Program Rationale

The environment for undertaking socially relevant and useful research in developing countries is most often characterized by both systemic and extraneous factors that lead to low research capacity, under-investment in research, poor infrastructure and incentives, resulting in sub-standard quality of research, poor advice to governments, and unused or unusable knowledge. This ultimately also impacts the quality of public opinion and policy discourse in these countries, as well as the capacity of GDN and other global stakeholders to tailor their interventions, ultimately expected to enhance local research capacity. [See GDN's overall strategy that promotes local research to build better lives.]

There is a vicious circle of under-investment and poor performance in research in developing countries, especially in the social sciences. Lagging infrastructure, absence of a research strategy and cohesive policy at national level, and lack of a professional cadre of research leaders and mentors for younger researchers or a critical mass of peers are just some of the main causes for this trend of under-performance. The underlying conditions in both the research environment at country level and organizational policies and practices translate into poor incentives and opportunities to carry out world class, solid, relevant social science research with the potential to impact policies and lives. As a result, currently most of the research applied to development is carried out by researchers in universities in Europe and North America. In 2012 for example, the share of the world’s research articles with at least one African author was only 2.3 % according to SCOPUS data.

Research systems analysis, we argue, is key to understand the poor performance of social science research in developing countries. Reliable and consistent knowledge on research systems will allow research and development actors to answer questions which are currently difficult to tackle in absence of the relevant performance metrics. How does local research fit in the development agenda and is this role played effectively and sustainably? What are the individual, organizational and institutional factors that impact the social and political process of doing research? What are the comparative strengths and weaknesses of Southern research systems and how to build on them?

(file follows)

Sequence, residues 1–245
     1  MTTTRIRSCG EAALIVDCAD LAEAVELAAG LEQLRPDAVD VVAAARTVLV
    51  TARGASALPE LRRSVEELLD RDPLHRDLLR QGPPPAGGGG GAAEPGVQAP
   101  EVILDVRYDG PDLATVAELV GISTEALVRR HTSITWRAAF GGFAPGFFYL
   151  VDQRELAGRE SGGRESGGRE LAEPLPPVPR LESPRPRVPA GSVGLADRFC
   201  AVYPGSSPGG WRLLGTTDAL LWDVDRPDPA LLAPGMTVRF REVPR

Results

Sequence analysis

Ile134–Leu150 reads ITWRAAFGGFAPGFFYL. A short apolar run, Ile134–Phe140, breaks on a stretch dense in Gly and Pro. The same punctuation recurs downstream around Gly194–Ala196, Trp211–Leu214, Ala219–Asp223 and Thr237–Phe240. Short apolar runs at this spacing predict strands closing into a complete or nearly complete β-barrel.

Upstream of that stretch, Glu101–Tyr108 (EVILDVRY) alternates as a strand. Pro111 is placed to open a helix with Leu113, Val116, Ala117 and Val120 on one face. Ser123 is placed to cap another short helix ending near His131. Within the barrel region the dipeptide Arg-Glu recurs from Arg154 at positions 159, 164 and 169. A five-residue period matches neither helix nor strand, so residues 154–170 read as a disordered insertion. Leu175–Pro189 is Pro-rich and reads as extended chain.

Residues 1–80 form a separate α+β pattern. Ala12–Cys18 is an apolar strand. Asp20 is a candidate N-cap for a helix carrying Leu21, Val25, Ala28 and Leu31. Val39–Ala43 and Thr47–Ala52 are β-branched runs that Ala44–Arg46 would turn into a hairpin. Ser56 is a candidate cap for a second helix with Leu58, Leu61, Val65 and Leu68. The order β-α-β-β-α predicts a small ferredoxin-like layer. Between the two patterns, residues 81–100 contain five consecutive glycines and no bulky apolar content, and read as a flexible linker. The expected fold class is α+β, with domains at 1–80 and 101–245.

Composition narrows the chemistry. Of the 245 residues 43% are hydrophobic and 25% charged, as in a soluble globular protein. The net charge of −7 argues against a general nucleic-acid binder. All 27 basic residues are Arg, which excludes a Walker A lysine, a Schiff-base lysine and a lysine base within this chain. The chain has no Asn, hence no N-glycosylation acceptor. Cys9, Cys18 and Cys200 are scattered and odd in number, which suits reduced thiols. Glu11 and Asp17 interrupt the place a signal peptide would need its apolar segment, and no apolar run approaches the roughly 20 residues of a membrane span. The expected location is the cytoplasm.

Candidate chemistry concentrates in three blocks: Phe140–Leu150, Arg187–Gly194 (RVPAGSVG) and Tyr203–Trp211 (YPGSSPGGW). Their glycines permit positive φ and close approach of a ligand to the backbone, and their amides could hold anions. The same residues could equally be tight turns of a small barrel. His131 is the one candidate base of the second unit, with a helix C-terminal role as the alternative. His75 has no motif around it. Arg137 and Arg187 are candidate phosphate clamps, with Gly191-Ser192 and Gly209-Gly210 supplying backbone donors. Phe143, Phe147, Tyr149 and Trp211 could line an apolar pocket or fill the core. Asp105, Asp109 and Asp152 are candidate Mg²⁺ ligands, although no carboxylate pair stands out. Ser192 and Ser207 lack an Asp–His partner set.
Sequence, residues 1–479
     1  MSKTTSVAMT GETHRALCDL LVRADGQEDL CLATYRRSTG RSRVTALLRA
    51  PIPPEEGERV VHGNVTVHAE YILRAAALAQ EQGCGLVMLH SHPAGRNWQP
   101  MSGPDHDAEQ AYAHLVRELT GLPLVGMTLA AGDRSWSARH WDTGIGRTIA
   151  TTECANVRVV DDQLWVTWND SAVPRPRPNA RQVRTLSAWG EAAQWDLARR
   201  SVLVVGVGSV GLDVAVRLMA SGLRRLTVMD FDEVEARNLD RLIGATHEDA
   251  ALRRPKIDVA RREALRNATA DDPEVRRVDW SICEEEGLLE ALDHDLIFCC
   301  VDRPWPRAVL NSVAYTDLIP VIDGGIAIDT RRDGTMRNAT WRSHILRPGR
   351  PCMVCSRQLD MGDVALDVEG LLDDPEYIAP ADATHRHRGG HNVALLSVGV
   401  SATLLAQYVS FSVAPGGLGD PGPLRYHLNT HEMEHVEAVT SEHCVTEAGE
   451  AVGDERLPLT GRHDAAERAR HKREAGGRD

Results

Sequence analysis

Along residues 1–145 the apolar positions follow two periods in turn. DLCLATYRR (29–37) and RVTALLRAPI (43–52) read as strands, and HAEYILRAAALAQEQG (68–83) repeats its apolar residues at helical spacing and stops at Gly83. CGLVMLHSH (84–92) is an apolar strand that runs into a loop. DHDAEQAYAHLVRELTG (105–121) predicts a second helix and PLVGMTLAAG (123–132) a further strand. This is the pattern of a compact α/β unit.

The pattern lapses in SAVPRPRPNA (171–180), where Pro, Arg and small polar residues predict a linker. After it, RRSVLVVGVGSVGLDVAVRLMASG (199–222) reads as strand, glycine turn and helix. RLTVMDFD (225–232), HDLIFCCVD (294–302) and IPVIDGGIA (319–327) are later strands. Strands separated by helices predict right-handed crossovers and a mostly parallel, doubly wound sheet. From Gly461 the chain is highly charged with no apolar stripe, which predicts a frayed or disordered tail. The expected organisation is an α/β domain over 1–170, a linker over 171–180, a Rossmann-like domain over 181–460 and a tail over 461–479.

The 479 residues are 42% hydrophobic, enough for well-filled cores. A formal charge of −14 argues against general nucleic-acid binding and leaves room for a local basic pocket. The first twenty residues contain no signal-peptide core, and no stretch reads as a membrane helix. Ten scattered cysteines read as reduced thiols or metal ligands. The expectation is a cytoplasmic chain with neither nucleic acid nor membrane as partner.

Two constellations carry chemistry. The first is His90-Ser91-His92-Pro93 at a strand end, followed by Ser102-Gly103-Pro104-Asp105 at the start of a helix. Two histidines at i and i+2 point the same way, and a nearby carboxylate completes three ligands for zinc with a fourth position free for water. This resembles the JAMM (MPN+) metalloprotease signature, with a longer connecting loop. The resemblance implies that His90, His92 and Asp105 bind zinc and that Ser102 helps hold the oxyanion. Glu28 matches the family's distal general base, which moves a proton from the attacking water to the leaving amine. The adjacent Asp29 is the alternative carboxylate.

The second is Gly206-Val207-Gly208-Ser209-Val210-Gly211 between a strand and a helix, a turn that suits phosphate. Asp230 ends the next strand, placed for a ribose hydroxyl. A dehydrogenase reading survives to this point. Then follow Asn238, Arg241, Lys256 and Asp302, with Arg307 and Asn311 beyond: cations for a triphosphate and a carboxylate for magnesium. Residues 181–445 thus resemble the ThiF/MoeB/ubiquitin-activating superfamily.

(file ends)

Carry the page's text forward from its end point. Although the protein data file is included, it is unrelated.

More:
To answer these questions, GDN launched a pilot phase for the program to assess different methodologies for studying the research environment and identify barriers and challenges to doing research in developing countries. Nine studies were produced employing distinct research methods, all yielding very interesting results and lessons learned regarding the advantages and limitations of the various approaches, particularly with regard to data. See related publications.

In several of the participating countries, the pilot case studieswere the first analytical exercises aiming to discuss in detail the issues and challenges linked to the research environment. They identified the aspects that matter most when looking at social science research systems. GDN produced a synthesis of the pilot phase and engaged in a large consultation to scale up the program and build the Doing Research Framework, an analytical framework for assessing and benchmarking the performance of social science research systems in developing countries. 


The program spans a timeline of 36 months with an inception phase and a global roll-out of Doing Research Assessments. Depending on continued demand and funding, GDN’s long-term objective is to turn it into a regular, periodic exercise with wide coverage, which would allow the comparative perspective between countries to be fully capitalized on, as well as the time dimension, to trace effects of certain research policy reforms introduced at the national or institutional level. The program’s business model is thought to ensure sustainability and is very service-oriented with the aim to meet a demand from donors and governments who would like more information on their research systems. It may result in “premium” Doing Research Assessments being implemented with a tailored focus on a client’s (national government or donor) specific interests. In the longer run, this may also take the form of a self-assessment online tool.

For further information contact Clément Gévaudan, Senior Program Associate, GDN.

“This project has made me reflect and become very clear about (this): you can't just act as if you're a researcher, because the context is so weak. You have to be a researcher, at the same time as you push your context forward, to be more nourishing, healthy, to enable you to do your work in a better way.”

María Balarin
Investigadora Principal